What's the Job Description of a Clinical Psychiatrist?
Are you interested in how the brain affects behavior? Would you like to use counseling, therapy and medication to help people live with various mental health problems? If you find yourself intrigued by the many ways the brain can change an individual's behavior, becoming a clinical psychiatrist could be for you. Schools offering Clinical Psychology degrees can also be found in these popular choices.
What Does a Clinical Psychiatrist Do?
As a clinical psychiatrist, you can help patients with a variety of mental health problems. You'd typically diagnose and treat mental health issues through medication and various forms of therapy. Through consultation with medical professionals and patients, you'd be responsible for offering suggestions on the best treatment methods. You may find solutions for patients by helping them break developed behavioral patterns or offering group or family therapy sessions. In some cases, you might work with patients for years through counseling and medication treatments.
How Can I Enter This Field?
You can study psychology as an undergraduate to provide you with a foundation in human behavior and therapeutic methods. To become a clinical psychiatrist, you'll need to complete a 4-year medical degree. Education and training you'll receive in medical school covers general healthcare practices, ethics and procedures. You'll become familiar with anatomy and physiology and learn how to treat patients. Medical school programs usually follow a regimented curriculum, though you can enroll in a school that offers specialized training or a dual-degree option to focus your studies in a specific discipline, such as behavioral psychology.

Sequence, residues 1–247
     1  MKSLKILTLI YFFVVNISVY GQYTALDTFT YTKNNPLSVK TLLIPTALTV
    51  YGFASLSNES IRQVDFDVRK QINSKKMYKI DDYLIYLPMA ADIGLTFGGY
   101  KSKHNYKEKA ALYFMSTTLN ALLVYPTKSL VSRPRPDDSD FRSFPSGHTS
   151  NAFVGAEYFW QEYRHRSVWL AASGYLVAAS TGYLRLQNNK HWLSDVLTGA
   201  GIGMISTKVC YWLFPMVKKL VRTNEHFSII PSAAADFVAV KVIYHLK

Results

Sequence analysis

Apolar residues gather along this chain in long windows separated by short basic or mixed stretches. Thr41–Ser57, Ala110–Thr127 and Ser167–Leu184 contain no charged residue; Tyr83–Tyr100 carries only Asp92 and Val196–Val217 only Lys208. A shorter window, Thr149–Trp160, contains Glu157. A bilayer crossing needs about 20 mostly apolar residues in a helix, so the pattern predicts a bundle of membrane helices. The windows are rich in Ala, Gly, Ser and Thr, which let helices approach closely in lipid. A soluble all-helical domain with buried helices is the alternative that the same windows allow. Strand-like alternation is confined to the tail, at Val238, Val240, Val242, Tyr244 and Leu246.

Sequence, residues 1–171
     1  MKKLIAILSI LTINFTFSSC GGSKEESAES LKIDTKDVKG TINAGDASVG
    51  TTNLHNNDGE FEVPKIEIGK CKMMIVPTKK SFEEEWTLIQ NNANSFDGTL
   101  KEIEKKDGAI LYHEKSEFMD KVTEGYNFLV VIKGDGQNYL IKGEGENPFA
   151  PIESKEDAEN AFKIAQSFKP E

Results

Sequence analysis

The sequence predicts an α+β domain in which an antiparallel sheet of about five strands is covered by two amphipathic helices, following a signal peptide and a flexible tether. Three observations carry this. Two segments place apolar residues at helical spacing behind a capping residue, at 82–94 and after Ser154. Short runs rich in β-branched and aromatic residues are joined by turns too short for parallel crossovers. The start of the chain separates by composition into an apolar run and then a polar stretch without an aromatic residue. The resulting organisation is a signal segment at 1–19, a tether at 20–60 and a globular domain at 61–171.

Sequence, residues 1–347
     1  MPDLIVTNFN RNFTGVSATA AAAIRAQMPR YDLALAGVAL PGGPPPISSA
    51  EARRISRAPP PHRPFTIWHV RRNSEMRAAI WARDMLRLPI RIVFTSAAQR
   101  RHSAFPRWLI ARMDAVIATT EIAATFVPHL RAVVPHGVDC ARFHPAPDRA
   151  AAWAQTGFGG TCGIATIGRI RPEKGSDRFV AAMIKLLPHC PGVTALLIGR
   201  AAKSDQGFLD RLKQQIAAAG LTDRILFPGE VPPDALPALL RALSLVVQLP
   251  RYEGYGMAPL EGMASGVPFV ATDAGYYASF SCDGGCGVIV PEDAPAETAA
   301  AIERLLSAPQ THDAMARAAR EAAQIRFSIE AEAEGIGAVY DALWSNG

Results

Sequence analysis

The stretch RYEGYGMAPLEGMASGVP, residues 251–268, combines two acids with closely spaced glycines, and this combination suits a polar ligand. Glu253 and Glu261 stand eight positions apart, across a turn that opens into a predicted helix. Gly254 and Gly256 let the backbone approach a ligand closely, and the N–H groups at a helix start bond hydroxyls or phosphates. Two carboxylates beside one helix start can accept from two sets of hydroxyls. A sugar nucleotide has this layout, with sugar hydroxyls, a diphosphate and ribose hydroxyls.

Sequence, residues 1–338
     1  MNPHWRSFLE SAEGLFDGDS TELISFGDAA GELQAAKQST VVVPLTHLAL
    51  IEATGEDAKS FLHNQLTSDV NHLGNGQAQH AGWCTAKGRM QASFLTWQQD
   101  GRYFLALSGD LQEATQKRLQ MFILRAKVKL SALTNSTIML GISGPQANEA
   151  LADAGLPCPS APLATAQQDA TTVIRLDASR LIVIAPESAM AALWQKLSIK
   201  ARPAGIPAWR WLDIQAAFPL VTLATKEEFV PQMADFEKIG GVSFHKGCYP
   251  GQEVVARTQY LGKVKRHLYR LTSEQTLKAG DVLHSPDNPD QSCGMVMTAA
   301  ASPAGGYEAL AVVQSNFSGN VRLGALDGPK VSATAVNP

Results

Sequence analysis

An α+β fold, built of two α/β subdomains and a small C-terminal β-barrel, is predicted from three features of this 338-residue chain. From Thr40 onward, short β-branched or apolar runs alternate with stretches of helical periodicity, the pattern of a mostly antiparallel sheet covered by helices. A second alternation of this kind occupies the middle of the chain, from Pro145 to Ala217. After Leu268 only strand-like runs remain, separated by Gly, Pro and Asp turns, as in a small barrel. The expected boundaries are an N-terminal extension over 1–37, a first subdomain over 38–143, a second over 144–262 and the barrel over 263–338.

After medical school, you'll need to complete an internship. Psychiatry internships usually aren't offered, though you can gain experience with patients you're primarily interested in by working with family care physicians, pediatricians or psychologists. After completing your internship, you'll begin to focus on clinical psychiatry through one or more residencies, which can focus on general, family or child psychiatry.
Do I Need a License?
Clinical psychiatrists are medical doctors who diagnose and treat patients and prescribe medication. As such, you'll need to be licensed by your state as a physician. You can start the process by taking a national licensing examination, though you might also be required to submit to a background check and pass a state-issued exam, as well. Regulations for physician licensing varies by state and can be found through your state's medical board. You'll need to renew your license to continue to practice medicine, though the frequency and requirements for renewal are determined by your state.
How Much Could I Earn?
Your earnings depend on the type of services you provide and where you work. According the Bureau of Labor Statistics (BLS), the growth potential for physicians and surgeons was 22% from 2008-2018 (www.bls.org). As of May 2010, the BLS listed the median annual salary of psychiatrists at $164,220. State institutions paid the highest average salaries, though psychiatrists working in residential facilities, outpatient centers and nursing care establishments reportedly earned an average income over $180,000 per year.
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